There is a battle over telecom superiority, and the consumer is the spoils of war.
In one corner is hosted VoIP, providing extensive features with a small regular monthly fee.
In the other, are multi-national telecom giants, charging their users high fees for services that are eerily similar to those provided by smaller VoIP companies.
Indeed, today many telecom service providers use the same basic digital technology to provide consumer phone service. So the question remains, why does the cost of service differ so greatly?
The basic monthly cost for VoIP residential service providers is very low, often around $5 to $10/month. For example, VOIPo, a popular residential service provider, costs $6.21/month, with no setup fees and an array of standard features. The basic monthly fee for basic home service from AT&T is $20 with an initial setup fee of $45.
AT&T is a traditional “POTS” (plain old telephone service). This means that AT&T, like many other major telecoms, relies on a complex system of wires, cables, satellites, and towers to deliver phone service. However, today, much of the POTS system has been converted to digital technology (just like VoIP service!). So why the price discrepancy?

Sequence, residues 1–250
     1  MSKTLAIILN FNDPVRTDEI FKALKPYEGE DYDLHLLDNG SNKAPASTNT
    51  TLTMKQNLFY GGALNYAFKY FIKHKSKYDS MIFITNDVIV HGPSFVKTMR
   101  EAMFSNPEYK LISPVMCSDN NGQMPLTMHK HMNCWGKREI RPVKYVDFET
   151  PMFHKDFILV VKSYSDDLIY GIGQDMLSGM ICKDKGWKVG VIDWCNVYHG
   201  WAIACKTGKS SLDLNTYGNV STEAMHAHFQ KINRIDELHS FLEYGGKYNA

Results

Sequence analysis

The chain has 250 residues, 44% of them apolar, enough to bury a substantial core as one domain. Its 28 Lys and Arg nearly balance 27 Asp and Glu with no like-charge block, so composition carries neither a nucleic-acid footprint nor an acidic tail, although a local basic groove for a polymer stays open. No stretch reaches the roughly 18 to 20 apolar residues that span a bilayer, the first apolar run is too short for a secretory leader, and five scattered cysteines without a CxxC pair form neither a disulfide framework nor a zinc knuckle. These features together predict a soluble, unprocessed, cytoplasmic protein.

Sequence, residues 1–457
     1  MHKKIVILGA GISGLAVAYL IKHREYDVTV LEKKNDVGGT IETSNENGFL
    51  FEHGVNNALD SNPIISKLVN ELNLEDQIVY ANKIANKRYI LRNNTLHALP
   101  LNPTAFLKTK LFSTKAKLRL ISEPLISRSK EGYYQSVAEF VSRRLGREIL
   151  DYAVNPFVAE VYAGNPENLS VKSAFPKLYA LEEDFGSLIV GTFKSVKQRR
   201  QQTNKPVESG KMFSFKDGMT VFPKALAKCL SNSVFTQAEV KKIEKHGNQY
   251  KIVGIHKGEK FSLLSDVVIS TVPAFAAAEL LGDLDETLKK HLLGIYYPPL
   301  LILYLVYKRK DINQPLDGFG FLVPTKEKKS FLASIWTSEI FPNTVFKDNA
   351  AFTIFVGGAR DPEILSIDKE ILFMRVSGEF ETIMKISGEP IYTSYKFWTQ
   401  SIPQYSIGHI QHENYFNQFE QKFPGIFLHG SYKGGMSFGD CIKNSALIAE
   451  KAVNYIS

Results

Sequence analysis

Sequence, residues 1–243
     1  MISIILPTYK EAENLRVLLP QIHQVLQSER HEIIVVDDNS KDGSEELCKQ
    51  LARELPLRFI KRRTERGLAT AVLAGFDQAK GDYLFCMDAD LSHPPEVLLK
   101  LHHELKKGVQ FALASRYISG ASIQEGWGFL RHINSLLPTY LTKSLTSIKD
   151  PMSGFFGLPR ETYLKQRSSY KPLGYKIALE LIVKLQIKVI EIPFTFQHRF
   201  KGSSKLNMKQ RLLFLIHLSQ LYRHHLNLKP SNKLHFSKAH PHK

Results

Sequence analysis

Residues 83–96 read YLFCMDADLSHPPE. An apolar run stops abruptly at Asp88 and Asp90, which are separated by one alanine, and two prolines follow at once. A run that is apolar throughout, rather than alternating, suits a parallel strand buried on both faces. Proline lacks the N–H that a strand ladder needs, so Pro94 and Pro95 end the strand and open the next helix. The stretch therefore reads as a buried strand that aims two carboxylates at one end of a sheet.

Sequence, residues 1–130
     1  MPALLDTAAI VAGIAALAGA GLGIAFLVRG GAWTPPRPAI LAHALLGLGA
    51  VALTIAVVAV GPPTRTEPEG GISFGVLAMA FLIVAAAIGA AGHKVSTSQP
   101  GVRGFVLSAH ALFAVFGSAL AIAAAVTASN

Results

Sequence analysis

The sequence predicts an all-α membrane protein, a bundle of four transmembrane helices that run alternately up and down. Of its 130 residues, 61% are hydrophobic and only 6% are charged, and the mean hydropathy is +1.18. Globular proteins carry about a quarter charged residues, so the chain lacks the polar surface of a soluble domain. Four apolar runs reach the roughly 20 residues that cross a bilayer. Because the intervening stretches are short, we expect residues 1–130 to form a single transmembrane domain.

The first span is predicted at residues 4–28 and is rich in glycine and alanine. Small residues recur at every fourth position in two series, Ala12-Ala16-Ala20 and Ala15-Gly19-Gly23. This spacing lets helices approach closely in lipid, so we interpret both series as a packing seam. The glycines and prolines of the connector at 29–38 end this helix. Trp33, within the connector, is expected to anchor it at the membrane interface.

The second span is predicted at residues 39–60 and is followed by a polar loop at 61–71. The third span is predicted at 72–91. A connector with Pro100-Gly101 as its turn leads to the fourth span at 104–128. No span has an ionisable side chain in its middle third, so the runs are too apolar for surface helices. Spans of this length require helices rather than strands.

According to Doug Ramsey, Director of Communications for the California Institute for Telecommunication and Information Technology at the University of California San Diego, it seems as if the telecom giants are charging their customers extra so they can maintain and develop their privately-held network of digital telecom services.
“Although they have made the move to digital, they still need to shore up their bottom line. The digital platform may be cheaper, but they still need to offset the cost of developing and maintaining their network,” Ramsey said.
Ramsey goes on to say that the larger companies are banking on the idea that their networks are greater because they maintain and develop the system themselves, allowing for better service with little to no problems for users.
However, Ramsey continues to say this “perceived” advantage will soon be null and void: “We will soon have bandwidth so great that the small hiccups experienced with VoIP, such as echoing or inconsistent service during peak internet usage times will no longer exist,” Ramsey said.
Ramsey agrees that soon VoIP will become the standard for the telecom needs of most customers, but he also predicts that larger telecom outfits will still stay alive by providing more expensive services for, “larger corporate contracts, while individuals will be steered towards using a hosted system...which may be even cheaper than existing VoIP providers at present,” Ramsey said.
The only way for the consumer to stop subsidizing large telecom companies is to switch to a VoIP service provider. In the short-term, VoIP is the much cheaper option, and in the long-term, VoIP may really be the only viable option for homes and small businesses.